Building BraumBraum carries a huge shield – actually an old door – around with him as he fights. This is a really cool concept, but meant we had to figure out exactly how Braum wields the thing as he attacks and uses his abilities. That said, the biggest challenge we found when animating him was in implementing his E, Unbreakable. It’s an intricate ability which Braum can use while he moves and uses his other abilities, which meant we had to merge various animations to create a 360-degree movement and attack system. Here’s how we went about animating the Heart of the Freljord’s most iconic ability.
First we had to find a strong and defensive base pose for Unbreakable, from which we could branch off into Braum’s other movements. After trying a few poses out, we went for a one handed, shield-planted-on-the-floor pose when stationary, leaving one of Braum’s fists free for his shield attack animations.
Next we had to figure out how Braum moved while using Unbreakable so he could actually defend his allies and block enemy attacks! Knowing that we didn’t want Braum to roam with the shield one-handed (the shield quickly lost any sense of weight and power this way), we changed the grip as well as posture so Braum used both his hands as he moved. Next we had to think about movement, so we created four separate movement animations: forwards, left, right and backwards. We combined these animations into our parametric system, which merges them together to create movement animations for all 360 degrees. For this to work well it was vital that the four animations were of the same length, that Braum’s limbs were in similar positions, and that his feet contacted the ground on exactly the same frames. Here’s where we ended up:
After figuring out Unbreakable’s idle and movement animations, we started looking at Braum’s attack animations while he was using his E. It was a massive part of the kit, something the designer was dead set on including. First, we tried our parametric system again, but the animations the computers created were over-blended, so they felt pretty mushy and unimpactful. We ended up having to create a system that required nine separate attack animations, catering for an even quadrant of 360 degrees each with minimum blending into each other. Here’s what that actually looks like:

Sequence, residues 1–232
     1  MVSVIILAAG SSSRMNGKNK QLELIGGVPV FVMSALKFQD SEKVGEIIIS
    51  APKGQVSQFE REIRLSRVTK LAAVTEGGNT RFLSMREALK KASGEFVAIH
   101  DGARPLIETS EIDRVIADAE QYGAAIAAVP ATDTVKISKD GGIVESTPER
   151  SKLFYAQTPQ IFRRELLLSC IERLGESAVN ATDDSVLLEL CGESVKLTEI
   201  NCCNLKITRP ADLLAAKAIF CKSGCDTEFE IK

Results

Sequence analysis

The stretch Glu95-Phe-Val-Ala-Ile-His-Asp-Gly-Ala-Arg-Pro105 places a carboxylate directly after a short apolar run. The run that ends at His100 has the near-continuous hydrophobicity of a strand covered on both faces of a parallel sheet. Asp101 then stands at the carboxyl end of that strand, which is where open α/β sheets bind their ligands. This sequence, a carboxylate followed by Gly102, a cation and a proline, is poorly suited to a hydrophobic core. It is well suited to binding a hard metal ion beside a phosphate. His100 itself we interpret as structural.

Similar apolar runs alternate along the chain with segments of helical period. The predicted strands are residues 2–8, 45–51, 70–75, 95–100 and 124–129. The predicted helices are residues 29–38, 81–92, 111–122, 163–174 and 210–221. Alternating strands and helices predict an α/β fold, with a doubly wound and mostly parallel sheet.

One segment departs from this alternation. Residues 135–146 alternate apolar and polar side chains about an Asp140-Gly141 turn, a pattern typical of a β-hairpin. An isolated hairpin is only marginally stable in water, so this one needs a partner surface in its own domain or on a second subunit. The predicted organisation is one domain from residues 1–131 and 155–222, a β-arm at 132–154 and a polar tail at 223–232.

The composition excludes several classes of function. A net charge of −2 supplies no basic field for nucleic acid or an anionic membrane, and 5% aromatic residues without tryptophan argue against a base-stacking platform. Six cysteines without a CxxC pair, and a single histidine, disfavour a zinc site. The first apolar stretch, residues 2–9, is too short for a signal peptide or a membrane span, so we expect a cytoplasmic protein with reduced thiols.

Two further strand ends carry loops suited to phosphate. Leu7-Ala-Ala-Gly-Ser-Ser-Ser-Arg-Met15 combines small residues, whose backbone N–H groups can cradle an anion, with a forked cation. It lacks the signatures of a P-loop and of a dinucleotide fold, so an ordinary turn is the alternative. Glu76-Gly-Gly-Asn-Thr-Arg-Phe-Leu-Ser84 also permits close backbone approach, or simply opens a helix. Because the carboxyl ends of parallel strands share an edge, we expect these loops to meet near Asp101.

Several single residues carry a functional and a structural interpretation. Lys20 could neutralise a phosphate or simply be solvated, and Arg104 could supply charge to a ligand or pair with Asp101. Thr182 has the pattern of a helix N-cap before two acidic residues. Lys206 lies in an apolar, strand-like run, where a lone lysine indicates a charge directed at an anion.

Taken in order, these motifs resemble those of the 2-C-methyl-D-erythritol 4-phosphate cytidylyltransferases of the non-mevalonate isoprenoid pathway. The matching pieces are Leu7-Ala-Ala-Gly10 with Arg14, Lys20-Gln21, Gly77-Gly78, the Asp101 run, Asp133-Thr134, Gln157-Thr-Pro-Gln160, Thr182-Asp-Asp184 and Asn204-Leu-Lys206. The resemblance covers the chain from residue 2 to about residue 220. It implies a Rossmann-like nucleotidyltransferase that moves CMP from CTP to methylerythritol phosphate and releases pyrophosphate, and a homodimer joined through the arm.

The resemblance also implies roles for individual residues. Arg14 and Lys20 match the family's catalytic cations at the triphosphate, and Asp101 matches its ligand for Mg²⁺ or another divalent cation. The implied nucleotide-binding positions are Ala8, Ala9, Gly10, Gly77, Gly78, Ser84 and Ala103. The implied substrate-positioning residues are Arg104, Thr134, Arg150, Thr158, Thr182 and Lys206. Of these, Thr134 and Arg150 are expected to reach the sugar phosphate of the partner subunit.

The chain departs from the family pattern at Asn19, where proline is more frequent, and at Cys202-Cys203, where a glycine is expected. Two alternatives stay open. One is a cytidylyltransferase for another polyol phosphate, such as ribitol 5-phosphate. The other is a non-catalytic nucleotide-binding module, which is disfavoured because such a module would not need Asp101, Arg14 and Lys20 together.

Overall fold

As a final flavor pass we also included our in-house Jiggle Tech on several of Braum’s accessories like the necklace and rope! This gave some additional secondary animation which complimented the main animation nicely and gave a more overall polished touch.
Finally, one of my personal favorites is Braum’s ultimate, which is a great example of the various elements I’ve talked about above coming together to create an epic in-game moment.
That’s about it for now! Hopefully I’ve given you some insight into how our champion animation process works here at Riot. We’re always striving to raise the bar for each other and ourselves, because introducing new tech and better work into the game creates interesting and exciting challenges for all disciplines involved. I truly believe in the phrase “technology pushes art and art pushes technology”.
Thanks for reading!"
Azir's Ultimate vs Nasus & RenektonMeddler jumped in to explain:
Some of the early ultimates we looked out for Azir were based off the 'Get big and AOE theme' that Nasus and Renekton both share - we also thought the thematic link would be really cool. We eventually concluded, after trying a few (some of which involved an Ascension ritual to trigger, some of which were instant on button press) that that wouldn't be a good direction for the Azir we wanted to make. We were aiming for an emperor who commanded, rather than someone who was focused on getting into the middle of the fight. Additionally the versions of giant sandstorm AOE that we felt had the most potential ended up being very reminiscent of Fiddle and Kennen's ults (cool skills, but we wanted to do something different with Azir, both to give him a distinct identity and to preserve Fiddle and Kennen's).Meddler continued, discussing the idea of a sandstorm type ultimate for the future:
"Yeah, there are definitely some ways you could do sandstorm as a theme in game that would add something new. Trying to do so on a champion centered effect on the other hand's a lot harder. We don't have any plans for one at present but I could imagine us doing another sand themed champion someday, provided he/she/it was sufficiently different from Azir. Some form of desert dwelling creature with sand manipulation powers or a sand wraith/elemental perhaps, almost certainly in a different role than mage."
In response to a follow up question, Meddler also commented on if Azir was the most difficult champion to implement: